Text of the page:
I was recently approached by a client with an interesting case that on the face of it looked like a simple debt collection. Our client owns a business in the concrete trade and had sent a client a progress invoice for $7500. The client received the invoice and paid it by the due date, which was great.
The only issue was that the money never arrived in our client’s account. After some investigation, it was found that the client’s email had been hijacked and the invoice was intercepted, modified with different bank account details and then sent on to the client.
However, our client hadn’t set up their client in their internet banking. Their client made a manual one-time payment matching the invoice that they had received from our client’s official email address.
The issue with this is that although there is definitely a very dishonest element involved with the substitution of the invoice’s payment details, the payer paid the monies into the wrong account themselves.
And that puts the banks in an interesting position. If their own systems are hacked or compromised internally, they have policies and insurances that protect their customers and will almost always cover any losses.
In this situation a private individual or company’s systems have been compromised and more often than not they will be using either free or inexpensive software or email systems that have minimal protection and abilities for tracing data breaches.
These types of scammers know this well and also know that police are often not resourced to launch a lengthy and very expensive investigation for a single incident. And mostly these scammers are based overseas with New Zealand accomplices so there are also jurisdiction issues at play.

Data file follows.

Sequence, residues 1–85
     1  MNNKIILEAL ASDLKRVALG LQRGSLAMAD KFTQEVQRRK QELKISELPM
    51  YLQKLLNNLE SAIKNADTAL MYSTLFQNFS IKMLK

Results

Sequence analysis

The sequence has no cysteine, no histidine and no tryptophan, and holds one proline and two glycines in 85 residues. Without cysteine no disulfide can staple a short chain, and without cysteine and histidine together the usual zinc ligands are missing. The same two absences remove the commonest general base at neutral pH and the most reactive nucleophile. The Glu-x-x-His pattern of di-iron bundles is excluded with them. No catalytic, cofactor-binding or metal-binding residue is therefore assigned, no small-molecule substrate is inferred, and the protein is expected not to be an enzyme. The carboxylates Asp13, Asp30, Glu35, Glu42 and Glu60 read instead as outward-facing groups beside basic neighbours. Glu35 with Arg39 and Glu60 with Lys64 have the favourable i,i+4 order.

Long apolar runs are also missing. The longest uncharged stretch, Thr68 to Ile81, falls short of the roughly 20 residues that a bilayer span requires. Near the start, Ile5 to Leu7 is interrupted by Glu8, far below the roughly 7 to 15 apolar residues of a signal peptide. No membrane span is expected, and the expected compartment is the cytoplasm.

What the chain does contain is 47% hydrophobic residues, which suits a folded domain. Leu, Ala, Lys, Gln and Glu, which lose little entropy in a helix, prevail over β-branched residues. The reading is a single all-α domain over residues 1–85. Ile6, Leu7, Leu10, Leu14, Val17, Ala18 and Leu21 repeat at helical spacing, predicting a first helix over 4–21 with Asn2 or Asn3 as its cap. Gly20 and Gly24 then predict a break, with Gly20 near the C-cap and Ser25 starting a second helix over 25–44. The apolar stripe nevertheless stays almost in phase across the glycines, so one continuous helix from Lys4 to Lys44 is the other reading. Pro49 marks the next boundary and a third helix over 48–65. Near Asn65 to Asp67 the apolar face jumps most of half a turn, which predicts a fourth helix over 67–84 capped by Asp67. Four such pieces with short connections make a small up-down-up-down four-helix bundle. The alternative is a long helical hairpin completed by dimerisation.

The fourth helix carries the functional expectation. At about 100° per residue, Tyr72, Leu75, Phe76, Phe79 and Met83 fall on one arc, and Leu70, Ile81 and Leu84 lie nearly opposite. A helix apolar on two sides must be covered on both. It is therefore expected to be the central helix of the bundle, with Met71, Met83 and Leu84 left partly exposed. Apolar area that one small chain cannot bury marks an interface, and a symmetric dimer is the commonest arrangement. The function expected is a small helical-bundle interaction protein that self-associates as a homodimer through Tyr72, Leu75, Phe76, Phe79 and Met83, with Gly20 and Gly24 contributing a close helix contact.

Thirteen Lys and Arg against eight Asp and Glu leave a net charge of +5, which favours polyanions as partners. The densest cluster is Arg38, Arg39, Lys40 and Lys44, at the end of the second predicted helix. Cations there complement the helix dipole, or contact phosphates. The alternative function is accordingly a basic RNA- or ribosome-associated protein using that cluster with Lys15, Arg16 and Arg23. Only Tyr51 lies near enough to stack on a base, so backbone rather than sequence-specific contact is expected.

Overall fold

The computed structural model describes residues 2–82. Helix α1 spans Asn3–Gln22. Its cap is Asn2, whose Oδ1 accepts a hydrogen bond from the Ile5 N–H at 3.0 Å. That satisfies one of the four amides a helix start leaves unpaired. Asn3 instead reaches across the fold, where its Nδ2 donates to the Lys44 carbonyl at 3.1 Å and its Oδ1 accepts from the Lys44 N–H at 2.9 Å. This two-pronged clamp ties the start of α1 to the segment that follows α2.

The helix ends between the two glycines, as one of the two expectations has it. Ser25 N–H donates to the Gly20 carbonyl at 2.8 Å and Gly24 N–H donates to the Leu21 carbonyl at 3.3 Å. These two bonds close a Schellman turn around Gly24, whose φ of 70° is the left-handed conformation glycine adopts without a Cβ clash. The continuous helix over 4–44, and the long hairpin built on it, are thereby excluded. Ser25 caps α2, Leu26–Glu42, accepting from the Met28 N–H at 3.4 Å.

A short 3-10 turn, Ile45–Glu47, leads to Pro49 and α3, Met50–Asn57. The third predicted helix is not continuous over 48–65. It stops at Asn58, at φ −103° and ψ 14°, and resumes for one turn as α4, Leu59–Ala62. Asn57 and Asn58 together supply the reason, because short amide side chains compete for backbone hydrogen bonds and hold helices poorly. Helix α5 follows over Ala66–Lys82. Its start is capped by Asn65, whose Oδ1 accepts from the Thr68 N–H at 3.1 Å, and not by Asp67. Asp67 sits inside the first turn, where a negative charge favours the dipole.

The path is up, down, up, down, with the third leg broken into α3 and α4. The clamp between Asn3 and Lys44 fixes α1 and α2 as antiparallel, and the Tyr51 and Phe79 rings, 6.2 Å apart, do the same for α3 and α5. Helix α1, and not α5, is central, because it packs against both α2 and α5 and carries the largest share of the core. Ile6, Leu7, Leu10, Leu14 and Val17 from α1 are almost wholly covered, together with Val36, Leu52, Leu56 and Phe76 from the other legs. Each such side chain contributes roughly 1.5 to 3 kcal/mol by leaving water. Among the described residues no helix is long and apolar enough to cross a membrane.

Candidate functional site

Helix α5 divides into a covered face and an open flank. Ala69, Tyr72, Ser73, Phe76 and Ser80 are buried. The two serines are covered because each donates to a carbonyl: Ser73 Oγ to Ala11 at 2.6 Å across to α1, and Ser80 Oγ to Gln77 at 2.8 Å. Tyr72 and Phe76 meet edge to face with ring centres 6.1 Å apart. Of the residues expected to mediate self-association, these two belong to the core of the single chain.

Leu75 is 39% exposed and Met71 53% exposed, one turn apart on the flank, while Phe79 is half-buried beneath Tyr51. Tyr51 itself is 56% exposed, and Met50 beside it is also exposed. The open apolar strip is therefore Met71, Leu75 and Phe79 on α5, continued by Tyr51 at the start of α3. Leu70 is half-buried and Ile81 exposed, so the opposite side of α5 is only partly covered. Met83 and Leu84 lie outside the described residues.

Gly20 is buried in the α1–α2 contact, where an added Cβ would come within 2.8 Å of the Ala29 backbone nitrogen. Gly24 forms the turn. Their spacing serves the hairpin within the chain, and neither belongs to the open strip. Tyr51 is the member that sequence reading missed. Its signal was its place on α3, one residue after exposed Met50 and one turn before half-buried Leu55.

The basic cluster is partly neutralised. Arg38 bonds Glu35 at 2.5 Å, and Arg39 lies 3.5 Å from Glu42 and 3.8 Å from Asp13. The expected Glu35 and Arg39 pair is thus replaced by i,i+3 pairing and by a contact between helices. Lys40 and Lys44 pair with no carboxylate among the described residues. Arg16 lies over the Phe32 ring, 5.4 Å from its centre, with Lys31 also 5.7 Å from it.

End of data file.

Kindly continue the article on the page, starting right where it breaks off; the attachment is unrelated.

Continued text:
From a debt collection perspective it is a very sticky situation. The “debtor” can prove that they paid the invoice as it was presented to them, so there is no ill intention or lack of capacity to pay. And the “creditor” can prove that they have not received the money. The issue lies in the invisible conduit between the two parties, which in my experience is a very expensive thing to unravel.
We cannot pursue a debt if it is disputed with a valid dispute and a “debtor” being able to show a cleared funds payment that matches an invoice with a time stamped email from the right address certainly meets that criteria.
We have seen less hi-tech versions of these scams that involve accounts or sales staff changing the bank account details on invoices, or having clients pay them direct to take advantage of “staff pricing”. In these situations, the employer company is unable to pursue their customers as an authorised representative of the business accepted the payment, unless they can prove that the customer was knowingly involved in the deception.
In the UK there are numerous instances of county court judgements ordering payers to pay again when they have been a victim of this scam.
Like most of my advice about credit management, the best cure here lies in prevention. It can be an arduous and time-consuming task to change a company’s banking relationship. It isn’t something decided in the morning and executed in the afternoon, especially when there are lending and guarantees / mortgages involved.
My tips are that, if a supplier relationship is going to be a long-term one, or with a high value supplier, then ask for a deposit slip or a confirmation when you are setting them up in your payment system, and question any bank account changes by phone not email. When a company is sold, or there is a management change, then reconfirm that the bank account details haven’t changed or, if they have, ask that these be confirmed in a method other than email.
It’s always better to check twice rather than pay twice.
Just a thought.